Strategic buys within the industry have been the main driver for consolidation in 2012 but its impact is down on 2011 and this trend may well continue as companies from the ICT and Defense business and Private Equity Companies make further forays into the security industry.
The proportion of external buys has increased and in 2012 accounting for 30% of the total acquisition business measured by volume. Consolidation in 2012 has therefore been more influenced by external companies buying into the physical security market than in the previous 3 years whilst conversely the internal players, particularly the major conglomerates have decided to abandon growth through strategic mergers and acquisitions in the last 2 years. With the exception of Tyco and Stanley, none of the incumbent major conglomerate suppliers made any significant acquisitions in 2011 or 2012. This is very surprising given the volume of M&A deals transacted during this time increased on previous years.
In our 2011 report we identified that the single most important trend in M&A activity in that year was the growth in acquisition of biometric and identity assurance solution technology companies. This trend has continued in 2012 accounting for 24% of all deals completed this year. The application of this technology is very important to the growth of Access Control but is by no means the only application to embrace the need for improved identity security.
Cross border transactions continue to be a strong feature of the consolidation process. Over the last 2 years exposure to US markets has become a strategic priority for a number of European companies. For the first 8 months of this year the notable acquisitions by European companies in the US include Assa Abloy’s purchase of LaserCard to incorporate within its HID operation, Identive Group (German / US) purchase of idOnDemand, and Kaba’s purchase of e-Data.
Gradually over the next 5 years we expect that most activity under this dynamic will centre on Asia and particularly China where rules on ownership have been significantly relaxed in recent times. In December 2010 Infinova floated on the Chinese Stock and received a much higher valuation than it would in the western world. The market thought that more companies would take up this option but so far no have. China Security & Surveillance Technology (CSST) however did delist on Nasdaq (reported to be unhappy with its valuation) and privatized. The Chinese stock market is very volatile and indeed Infinova’s value has fallen sharply since it floated.
External Buys – ICT & Defense Related CompaniesDefense, IT and communications companies have over the last 3 years bought into the security industry. The initial flurry of activity has reduced somewhat in the last 6 months as they digest and take stock.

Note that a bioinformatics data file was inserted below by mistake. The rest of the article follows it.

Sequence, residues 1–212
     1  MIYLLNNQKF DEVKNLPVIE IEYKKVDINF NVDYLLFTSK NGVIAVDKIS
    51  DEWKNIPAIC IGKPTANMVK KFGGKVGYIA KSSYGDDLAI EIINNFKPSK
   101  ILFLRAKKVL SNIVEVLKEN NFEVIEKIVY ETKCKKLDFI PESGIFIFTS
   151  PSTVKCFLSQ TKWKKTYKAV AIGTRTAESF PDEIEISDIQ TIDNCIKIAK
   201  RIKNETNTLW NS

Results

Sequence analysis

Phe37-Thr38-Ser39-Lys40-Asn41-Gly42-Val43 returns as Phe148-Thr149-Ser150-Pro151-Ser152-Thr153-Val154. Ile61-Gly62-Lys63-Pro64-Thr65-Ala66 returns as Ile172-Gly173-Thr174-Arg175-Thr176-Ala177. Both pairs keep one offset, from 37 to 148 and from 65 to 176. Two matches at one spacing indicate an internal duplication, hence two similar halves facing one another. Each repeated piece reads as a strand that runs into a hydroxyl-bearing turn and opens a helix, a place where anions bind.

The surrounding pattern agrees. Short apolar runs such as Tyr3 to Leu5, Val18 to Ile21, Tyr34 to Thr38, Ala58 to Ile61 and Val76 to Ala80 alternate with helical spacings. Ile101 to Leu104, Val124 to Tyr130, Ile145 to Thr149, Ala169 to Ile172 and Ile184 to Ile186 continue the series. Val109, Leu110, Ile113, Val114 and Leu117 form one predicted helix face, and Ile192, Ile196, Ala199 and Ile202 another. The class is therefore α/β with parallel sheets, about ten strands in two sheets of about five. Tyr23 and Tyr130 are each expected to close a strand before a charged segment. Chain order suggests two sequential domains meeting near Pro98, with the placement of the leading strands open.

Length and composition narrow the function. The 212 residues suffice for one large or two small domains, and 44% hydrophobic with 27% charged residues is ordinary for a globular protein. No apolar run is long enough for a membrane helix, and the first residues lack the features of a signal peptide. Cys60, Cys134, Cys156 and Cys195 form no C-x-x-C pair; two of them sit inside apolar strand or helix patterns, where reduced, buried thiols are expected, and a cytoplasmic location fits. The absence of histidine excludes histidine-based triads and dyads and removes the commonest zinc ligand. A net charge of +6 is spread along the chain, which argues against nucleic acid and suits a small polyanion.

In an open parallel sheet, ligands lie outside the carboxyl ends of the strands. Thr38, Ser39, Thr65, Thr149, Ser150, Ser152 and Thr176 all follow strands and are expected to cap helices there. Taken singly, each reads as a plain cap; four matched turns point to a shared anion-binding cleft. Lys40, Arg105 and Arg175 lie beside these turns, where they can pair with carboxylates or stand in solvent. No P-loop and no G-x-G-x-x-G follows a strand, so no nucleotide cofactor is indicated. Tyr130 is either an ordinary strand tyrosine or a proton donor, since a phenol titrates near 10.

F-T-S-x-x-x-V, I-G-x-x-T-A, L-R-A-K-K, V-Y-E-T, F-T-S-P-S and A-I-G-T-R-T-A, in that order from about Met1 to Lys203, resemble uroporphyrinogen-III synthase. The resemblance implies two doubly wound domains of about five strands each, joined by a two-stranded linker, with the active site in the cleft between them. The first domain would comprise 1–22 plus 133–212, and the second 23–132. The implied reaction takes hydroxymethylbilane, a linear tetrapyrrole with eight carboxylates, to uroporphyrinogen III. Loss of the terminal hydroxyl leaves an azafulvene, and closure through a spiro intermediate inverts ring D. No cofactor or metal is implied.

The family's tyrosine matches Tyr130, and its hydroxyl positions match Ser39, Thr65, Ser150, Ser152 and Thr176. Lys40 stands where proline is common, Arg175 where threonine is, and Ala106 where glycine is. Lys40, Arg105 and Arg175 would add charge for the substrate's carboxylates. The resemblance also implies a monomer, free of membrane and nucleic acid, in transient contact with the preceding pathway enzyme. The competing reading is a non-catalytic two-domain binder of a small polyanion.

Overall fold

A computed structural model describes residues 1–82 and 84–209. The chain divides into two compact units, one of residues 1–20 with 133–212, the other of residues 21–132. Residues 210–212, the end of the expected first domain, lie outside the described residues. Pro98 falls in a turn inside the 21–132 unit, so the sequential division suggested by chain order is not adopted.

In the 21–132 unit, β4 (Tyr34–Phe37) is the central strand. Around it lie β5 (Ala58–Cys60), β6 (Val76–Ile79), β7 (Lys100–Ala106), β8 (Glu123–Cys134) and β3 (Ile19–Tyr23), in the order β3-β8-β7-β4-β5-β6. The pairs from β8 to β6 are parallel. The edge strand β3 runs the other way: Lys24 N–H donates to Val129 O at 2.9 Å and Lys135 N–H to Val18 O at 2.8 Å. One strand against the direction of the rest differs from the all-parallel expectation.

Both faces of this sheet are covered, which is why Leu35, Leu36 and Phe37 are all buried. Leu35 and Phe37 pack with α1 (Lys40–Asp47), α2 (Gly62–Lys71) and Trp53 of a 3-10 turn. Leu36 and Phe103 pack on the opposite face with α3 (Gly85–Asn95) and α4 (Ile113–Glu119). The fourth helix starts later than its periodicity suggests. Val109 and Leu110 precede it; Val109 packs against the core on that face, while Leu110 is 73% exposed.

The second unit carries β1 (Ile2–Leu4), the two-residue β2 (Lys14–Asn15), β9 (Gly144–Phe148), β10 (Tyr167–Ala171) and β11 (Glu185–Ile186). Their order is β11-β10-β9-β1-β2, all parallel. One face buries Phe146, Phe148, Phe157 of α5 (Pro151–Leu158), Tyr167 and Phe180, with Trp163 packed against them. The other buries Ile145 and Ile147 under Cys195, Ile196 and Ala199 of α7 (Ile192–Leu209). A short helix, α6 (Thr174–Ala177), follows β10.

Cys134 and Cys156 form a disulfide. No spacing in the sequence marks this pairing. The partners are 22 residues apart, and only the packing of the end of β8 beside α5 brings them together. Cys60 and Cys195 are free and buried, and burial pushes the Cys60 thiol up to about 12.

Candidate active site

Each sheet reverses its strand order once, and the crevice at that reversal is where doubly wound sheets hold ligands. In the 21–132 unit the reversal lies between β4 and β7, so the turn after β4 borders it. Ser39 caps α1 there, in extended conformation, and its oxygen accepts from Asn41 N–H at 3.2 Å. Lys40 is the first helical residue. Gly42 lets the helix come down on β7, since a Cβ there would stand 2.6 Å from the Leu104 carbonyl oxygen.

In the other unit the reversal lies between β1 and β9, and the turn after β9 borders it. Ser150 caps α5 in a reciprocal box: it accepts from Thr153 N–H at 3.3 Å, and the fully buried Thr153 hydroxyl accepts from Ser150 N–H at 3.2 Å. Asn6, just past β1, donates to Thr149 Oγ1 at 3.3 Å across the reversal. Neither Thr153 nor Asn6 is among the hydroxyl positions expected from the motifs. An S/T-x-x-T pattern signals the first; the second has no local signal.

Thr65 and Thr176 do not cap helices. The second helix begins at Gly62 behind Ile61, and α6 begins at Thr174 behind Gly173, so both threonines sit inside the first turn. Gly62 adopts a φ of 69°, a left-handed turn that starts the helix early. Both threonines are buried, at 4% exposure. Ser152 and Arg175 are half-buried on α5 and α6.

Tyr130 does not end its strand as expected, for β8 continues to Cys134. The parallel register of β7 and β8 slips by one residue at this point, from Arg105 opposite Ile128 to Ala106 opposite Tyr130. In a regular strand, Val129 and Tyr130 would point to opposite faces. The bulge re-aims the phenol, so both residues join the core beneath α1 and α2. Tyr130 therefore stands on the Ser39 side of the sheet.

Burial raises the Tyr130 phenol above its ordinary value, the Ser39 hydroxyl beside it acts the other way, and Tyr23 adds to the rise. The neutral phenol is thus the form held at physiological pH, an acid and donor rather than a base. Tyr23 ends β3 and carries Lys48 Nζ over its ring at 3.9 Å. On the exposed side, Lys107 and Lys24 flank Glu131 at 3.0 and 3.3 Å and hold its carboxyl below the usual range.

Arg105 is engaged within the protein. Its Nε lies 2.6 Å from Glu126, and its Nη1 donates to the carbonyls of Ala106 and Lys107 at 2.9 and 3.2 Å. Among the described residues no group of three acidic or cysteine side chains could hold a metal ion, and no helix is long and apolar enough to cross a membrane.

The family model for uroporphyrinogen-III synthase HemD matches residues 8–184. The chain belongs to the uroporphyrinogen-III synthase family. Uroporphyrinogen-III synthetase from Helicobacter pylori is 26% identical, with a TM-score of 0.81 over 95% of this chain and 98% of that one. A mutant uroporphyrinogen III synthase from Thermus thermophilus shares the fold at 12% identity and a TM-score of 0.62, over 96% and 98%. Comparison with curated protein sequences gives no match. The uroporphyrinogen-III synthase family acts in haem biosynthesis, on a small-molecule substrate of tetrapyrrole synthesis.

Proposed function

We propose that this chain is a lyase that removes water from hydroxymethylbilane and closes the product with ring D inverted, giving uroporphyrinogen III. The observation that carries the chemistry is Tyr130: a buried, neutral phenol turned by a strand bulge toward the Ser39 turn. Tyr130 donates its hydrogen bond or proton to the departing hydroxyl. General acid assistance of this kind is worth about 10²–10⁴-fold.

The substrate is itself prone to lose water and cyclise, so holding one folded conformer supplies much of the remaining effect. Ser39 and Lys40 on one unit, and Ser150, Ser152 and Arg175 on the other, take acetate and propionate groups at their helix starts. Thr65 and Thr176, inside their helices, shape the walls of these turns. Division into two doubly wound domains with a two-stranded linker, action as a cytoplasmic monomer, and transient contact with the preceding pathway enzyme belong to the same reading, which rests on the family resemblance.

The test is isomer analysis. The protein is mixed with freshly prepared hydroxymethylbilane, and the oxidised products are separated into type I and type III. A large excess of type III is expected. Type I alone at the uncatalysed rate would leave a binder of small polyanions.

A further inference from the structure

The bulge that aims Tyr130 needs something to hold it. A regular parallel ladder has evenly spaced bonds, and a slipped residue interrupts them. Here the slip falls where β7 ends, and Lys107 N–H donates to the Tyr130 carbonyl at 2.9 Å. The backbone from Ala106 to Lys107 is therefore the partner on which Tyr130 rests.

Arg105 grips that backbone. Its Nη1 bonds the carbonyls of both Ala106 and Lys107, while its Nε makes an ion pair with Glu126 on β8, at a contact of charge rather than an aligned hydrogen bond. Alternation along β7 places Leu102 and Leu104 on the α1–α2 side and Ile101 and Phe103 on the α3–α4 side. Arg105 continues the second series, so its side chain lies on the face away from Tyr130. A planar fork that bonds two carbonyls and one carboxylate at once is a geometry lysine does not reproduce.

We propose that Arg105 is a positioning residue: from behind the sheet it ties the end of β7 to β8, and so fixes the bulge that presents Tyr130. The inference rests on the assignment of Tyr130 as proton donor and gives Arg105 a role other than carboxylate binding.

We expect them to resume their interest in the business both through acquisition of product and system suppliers and through alliance. Defense expenditure is likely to decline across the western world during the next 5 years and the security industry provides an expanding market and a way of leveraging their high technology base.
So expect these transformational deals from the Defense and IT and Communications businesses, to gain further traction in 2013 and beyond.
M&A Activity Declines in 2012Merger and acquisition activity has grown by a compound annual rate of 15% in the first ten years of this millennium but during this time it peaked and declined twice. In the last 3 years it has completed another cycle of rise and fall. External more than internal forces have had most influence in creating this volatility.
The value of merger and acquisition deals in 2011 was $9.847 billion a rise of 23% over the previous year which was a record high, but in 2012 it declined to $7.168 billion a fall of 27%. So why has the love for growth through acquisition cooled off in 2012?
There are two main reasons for this. The first is that the industry has undergone major consolidation and restructuring during the last 5 years and is now catching breath and the second is the lack of confidence by the traditional major conglomerates to commit more investment to the industry.
These 2 factors alone would have caused a much greater reduction in acquisition activity than 27% but for the increased activity in the middle market, mainly populated by specialist security companies. The decline in the volume of deals in 2012 was only 15% and this reflects the fact that in 2011 a number of mega deals over $1 billion were completed. This is a remarkable performance given the economic crises that the industry has had to ride through and the fact that most of the major conglomerates have not had the confidence to go for growth through merger and acquisition in the last 3 years.
So to conclude 2012 has been a good year for acquisition activity particularly considering that poor economic trading conditions have reduced the confidence to spend big but nevertheless this industry has fared better than most.
Further ResearchMemoori’s report “The Physical Security Business in 2012” combines clearly defined market sizing statistics with financial analysis of M&A and investment. It brings together all the factors that influence this industries future; including technology, finance and the capability to deliver products that meet the customers need to drive more ROI out of investment.
For more details visit the Website, http://memoori.com/physical-security-2012